2

I am just learning about command line processing, and hoping someone can confirm how I am interpreting the following statement. In the book I am reading the first step in command line processing is:

  1. Splits the command into tokens that are separated by the fixed set of metacharacters: SPACE, TAB, NEWLINE, ;, (, ), <, >, |, and &. Types of tokens include words, keywords, I/O redirectors, and semicolons

Am I right in thinking that for the command:

ls | more

ls and more are the tokens, and the pipe character is the meta character separating the two tokens?

I got bit confused as it goes on to say that < and > are meta characters, but then says that tokens can be I/O directors.

  • 2
    In practice, an isolated metacharacter (like |) or some sequences of them(like || or >&) will also constitute tokens; that's why the sentence goes on to say that redirectors (>, <, >&, and so on) are tokens. But the sentence in your book isn't formulated in a way to acknowledge this. I agree with you that as it's written, the metacharacters aren't themselves tokens. The sentence as written is incorrect. – dubiousjim Oct 8 '15 at 13:22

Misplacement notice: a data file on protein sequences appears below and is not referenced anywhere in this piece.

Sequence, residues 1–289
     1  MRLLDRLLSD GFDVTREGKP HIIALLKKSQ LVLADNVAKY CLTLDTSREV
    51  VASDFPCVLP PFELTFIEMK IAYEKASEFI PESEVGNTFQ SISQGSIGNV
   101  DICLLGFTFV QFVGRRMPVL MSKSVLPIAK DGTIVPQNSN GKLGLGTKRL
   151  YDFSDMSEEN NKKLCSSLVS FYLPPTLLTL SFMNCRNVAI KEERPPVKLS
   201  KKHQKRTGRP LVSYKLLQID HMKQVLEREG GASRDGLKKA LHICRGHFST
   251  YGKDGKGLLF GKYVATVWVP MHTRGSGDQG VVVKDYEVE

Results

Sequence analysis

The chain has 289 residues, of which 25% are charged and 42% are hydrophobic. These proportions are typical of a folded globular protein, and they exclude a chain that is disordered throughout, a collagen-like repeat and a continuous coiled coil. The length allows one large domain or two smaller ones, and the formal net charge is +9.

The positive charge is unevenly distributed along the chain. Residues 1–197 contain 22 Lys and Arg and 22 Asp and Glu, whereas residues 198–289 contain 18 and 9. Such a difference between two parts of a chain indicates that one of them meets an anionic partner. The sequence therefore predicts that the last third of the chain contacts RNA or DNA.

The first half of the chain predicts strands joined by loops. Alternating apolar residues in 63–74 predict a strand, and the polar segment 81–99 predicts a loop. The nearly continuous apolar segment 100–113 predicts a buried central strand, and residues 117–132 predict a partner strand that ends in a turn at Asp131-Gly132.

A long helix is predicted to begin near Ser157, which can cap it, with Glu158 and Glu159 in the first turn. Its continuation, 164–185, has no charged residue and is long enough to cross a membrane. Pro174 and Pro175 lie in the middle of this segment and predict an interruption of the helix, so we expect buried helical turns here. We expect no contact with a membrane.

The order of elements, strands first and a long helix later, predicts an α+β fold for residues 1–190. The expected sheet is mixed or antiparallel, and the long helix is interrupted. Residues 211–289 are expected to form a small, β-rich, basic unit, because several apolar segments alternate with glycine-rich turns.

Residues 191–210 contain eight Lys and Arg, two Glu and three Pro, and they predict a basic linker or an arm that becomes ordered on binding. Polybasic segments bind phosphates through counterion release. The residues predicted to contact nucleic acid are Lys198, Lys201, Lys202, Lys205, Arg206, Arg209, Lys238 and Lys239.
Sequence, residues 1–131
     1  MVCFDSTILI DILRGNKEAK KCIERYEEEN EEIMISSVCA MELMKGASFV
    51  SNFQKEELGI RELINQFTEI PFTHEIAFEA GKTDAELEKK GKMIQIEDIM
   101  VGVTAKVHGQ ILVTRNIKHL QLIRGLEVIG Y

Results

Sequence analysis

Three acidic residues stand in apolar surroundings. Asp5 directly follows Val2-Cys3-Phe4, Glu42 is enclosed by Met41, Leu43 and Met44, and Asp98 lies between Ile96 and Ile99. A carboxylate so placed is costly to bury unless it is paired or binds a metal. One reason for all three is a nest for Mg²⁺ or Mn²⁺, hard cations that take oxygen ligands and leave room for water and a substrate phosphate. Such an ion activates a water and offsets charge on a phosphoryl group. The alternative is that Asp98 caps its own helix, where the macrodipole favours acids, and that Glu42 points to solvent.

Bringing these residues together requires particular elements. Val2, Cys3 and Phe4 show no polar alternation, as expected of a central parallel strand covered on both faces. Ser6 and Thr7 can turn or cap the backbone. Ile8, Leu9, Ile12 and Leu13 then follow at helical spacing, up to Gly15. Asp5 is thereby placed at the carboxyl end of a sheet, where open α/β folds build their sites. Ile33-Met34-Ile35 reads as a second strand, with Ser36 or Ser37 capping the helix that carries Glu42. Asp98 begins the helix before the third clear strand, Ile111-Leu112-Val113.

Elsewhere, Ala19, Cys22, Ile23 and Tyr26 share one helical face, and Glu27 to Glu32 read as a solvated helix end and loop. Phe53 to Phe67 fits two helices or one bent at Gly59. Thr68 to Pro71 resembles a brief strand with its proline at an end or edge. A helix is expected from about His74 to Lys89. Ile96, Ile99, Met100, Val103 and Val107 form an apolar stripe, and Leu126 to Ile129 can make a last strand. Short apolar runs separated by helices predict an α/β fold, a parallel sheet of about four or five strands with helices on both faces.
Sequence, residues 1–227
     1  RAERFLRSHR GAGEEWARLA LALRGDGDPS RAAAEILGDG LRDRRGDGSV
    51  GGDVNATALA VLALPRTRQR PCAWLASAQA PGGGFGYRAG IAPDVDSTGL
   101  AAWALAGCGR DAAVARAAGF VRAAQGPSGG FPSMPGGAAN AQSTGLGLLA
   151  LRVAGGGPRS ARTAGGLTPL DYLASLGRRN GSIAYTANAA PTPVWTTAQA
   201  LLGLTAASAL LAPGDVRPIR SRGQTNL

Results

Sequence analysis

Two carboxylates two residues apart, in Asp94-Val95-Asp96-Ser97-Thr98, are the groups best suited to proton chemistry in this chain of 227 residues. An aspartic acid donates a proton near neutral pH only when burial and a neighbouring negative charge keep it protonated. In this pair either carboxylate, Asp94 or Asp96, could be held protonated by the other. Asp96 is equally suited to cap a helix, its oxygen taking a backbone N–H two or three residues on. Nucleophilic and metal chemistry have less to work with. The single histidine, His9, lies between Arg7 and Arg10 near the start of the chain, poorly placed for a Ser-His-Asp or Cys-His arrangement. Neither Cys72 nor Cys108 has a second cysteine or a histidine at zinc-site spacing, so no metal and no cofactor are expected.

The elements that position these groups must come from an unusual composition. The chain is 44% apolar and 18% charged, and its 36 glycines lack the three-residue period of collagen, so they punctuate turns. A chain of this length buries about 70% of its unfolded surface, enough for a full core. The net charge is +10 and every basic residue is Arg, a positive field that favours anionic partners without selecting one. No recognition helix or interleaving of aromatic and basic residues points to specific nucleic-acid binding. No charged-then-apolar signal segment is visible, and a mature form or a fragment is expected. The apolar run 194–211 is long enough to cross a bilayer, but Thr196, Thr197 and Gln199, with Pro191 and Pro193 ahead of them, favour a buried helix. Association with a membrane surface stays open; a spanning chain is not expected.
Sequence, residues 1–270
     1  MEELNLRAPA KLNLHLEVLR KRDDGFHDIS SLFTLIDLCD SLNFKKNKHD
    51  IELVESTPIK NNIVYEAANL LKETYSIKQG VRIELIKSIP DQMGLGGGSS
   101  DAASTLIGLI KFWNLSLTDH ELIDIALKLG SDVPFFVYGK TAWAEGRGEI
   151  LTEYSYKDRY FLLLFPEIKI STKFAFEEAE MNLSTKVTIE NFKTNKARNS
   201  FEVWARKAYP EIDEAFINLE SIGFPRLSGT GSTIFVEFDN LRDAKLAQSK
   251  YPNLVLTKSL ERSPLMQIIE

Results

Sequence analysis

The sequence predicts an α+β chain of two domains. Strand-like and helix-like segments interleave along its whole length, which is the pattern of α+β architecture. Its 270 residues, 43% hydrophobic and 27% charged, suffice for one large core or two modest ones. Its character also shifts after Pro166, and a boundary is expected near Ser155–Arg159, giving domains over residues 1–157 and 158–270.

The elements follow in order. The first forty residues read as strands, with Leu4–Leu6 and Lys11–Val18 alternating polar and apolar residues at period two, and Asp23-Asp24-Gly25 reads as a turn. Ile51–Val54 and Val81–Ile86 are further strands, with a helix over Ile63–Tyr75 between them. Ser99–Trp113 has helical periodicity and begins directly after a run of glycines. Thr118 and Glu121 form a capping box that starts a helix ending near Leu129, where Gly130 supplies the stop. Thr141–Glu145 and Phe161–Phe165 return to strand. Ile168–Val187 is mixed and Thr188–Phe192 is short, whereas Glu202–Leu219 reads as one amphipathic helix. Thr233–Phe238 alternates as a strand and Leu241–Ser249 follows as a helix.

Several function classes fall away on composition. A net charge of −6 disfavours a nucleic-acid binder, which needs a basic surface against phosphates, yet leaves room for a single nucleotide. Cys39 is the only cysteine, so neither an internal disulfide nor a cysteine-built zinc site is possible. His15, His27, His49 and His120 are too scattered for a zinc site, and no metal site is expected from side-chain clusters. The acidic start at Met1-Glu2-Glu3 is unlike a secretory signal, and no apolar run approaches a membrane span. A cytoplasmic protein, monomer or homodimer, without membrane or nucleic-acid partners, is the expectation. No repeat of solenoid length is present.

• it depends a great deal on the shell's current parse level. basically, the words aren't tokens until they're tokenized - the shell just stacks them a character at a time as it reads until it encounters one of your metacharacters - each of which is a recognizable token unto itself at that point - and the shell can call all that its stacked so far a token. – mikeserv Oct 8 '15 at 16:41
2

This is not a very good explanation. A token is a sequence of characters that forms a word or punctuation sign. Characters like < and | are part of tokens too. You may call them metacharacters but this is not useful terminology. The basic rules are:

  • Whitespace is not part of a token and separates tokens.
  • A token is made up of ordinary characters, or of operator characters ()<>&|;, but not both. For example, foo<@a&>b consists of the tokens foo (ordinary), < (operator), @a (ordinary), &> (operator) and b.

Then there are additional rules about quoting: special characters lose their meaning if they're quotes, with different rules depending on the type of quote. For example, foo'&&'bar\|qux is a single token with the character sequence foo&&bar|qux.

Your Answer

By clicking “Post Your Answer”, you agree to our terms of service, privacy policy and cookie policy

Not the answer you're looking for? Browse other questions tagged or ask your own question.